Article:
September 7 marked Brazil’s Independence Day, and President Jair Bolsonaro celebrated in decidedly Trumpian fashion: by railing against the deep state, proclaiming himself the only possible legitimate leader of the country, and inciting violence against his political opponents.
Hundreds of thousands of Brazilians across the country took to the streets on Tuesday, after Bolsonaro summoned his supporters to arm themselves (the president recently said “everyone should buy rifles”) and defend his administration and the country’s “liberty” from institutions like the Supreme Court, which he claims is hostile to his agenda. The demonstrations came in the wake of a series of threats issued by the president, who has warned of an “institutional rupture” if Supreme Court judges fail to heed his “ultimatum” to cease their oversight of, and alleged opposition to, his administration.
Turnout was large by historical standards but smaller than expected, with an estimated 125,000 rallying in support of the president in Sao Paulo alone. Taking the stage in Brasilia and Sao Paulo, Bolsonaro declared all-out war on the high court, urging the Senate to impeach Justice Alexandre de Moraes and ominously warning that the court could “suffer what we don’t want” if it doesn’t toe the line. The demonstrations were largely free of violence, aside from an incident on Monday night when the police used tear gas to repel Bolsonaro backers who had overrun blockades guarding government buildings.
Yesterday’s demonstrations foreshadow the potential of January 6-like violence in the run-up of Brazil’s presidential election next year—but on a much larger scale. Brazil is the fourth largest democracy in the world, so this will be the most consequential—and troubled—national election anywhere in 2022.
His opponent is his biggest nemesis, former president Luiz Inácio Lula da Silva (aka Lula), a popular leftist who was recently freed from prison after serving 2 years on a now-overturned graft conviction. Recent polls show Bolsonaro trailing Lula by as much as 25 percentage points in a head-to-head match-up. One could hardly imagine two more opposite candidates.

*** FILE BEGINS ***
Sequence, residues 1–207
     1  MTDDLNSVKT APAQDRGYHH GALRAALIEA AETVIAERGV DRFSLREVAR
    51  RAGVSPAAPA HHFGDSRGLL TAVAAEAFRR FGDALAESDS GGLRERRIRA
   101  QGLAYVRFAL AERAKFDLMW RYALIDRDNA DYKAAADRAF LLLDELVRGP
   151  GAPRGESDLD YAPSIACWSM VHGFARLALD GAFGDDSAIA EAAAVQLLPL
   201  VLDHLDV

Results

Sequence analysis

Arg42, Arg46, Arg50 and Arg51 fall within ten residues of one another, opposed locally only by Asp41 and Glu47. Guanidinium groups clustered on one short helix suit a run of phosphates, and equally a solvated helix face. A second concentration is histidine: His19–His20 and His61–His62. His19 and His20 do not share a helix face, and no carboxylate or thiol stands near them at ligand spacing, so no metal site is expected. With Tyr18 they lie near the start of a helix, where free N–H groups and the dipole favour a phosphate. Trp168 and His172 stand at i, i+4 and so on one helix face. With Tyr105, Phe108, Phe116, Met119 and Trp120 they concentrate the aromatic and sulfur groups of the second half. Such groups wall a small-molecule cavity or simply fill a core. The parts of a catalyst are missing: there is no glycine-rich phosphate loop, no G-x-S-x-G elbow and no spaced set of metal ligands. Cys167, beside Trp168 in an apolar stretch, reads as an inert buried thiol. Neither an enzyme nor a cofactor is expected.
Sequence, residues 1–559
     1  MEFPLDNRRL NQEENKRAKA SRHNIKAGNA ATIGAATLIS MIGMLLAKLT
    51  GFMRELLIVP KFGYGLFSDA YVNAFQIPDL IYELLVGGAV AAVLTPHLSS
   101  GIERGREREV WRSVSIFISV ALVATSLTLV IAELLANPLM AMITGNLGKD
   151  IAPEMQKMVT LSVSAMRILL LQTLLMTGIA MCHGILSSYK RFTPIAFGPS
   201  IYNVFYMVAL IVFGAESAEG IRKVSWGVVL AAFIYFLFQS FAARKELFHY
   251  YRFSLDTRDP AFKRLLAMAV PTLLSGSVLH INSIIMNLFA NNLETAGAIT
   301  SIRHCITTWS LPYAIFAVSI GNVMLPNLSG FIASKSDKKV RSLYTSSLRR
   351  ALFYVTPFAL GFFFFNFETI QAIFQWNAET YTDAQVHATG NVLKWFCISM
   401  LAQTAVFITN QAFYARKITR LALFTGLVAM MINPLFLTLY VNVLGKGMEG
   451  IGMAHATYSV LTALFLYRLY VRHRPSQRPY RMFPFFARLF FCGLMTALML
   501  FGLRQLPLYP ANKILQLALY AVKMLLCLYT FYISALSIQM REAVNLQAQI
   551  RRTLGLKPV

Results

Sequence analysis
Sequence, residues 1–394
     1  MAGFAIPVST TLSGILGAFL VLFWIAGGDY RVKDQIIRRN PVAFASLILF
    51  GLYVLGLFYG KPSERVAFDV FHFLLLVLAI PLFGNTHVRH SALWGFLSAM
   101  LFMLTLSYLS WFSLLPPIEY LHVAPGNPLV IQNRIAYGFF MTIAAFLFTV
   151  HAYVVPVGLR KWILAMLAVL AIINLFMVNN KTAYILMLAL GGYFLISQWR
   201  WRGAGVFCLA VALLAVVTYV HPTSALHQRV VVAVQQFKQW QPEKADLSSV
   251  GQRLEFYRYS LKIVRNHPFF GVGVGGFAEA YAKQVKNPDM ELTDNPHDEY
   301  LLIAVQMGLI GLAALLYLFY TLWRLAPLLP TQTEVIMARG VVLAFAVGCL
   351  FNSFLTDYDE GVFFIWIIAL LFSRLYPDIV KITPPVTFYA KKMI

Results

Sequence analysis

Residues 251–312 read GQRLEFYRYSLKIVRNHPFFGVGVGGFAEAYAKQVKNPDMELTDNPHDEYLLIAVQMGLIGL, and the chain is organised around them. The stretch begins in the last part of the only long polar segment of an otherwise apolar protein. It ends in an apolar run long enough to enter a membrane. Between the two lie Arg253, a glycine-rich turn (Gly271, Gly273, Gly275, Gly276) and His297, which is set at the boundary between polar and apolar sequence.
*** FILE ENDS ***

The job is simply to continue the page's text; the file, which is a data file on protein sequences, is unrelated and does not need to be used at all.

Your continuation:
Following months of less-than-subtle subtle attempts to undermine trust in the electoral system, Bolsonaro made his most explicit pronouncement last week: he will either win the 2022 election, or he will be arrested or killed. Losing is out of the question. Inconceivable. That is, unless the other side cheats. (Remind you of someone?)
In reality, Bolsonaro is increasingly likely to lose, and he knows it. He’s not blind to his sliding poll numbers and less-than-solid fundamentals (namely, COVID-19 and the economy). Further, he doesn’t have the backing of a strong political party, and can only watch idly as business leaders who had previously supported his agenda abandon him in droves, alienated by his rhetoric. The Supreme Court and legislators from even his own coalition have checked his most extreme moves.
That is precisely why he’s choosing to campaign not against Lula, who remains broadly popular, but against the Supreme Court, legislatures, and other members of the “deep state.” He can claim that the only world in which he loses the election is a world where all the institutions are stacked against him. Yesterday’s demonstrations served three purposes for Brazil's president:
To test the effectiveness of his anti-establishment messaging in the run-up to the campaign.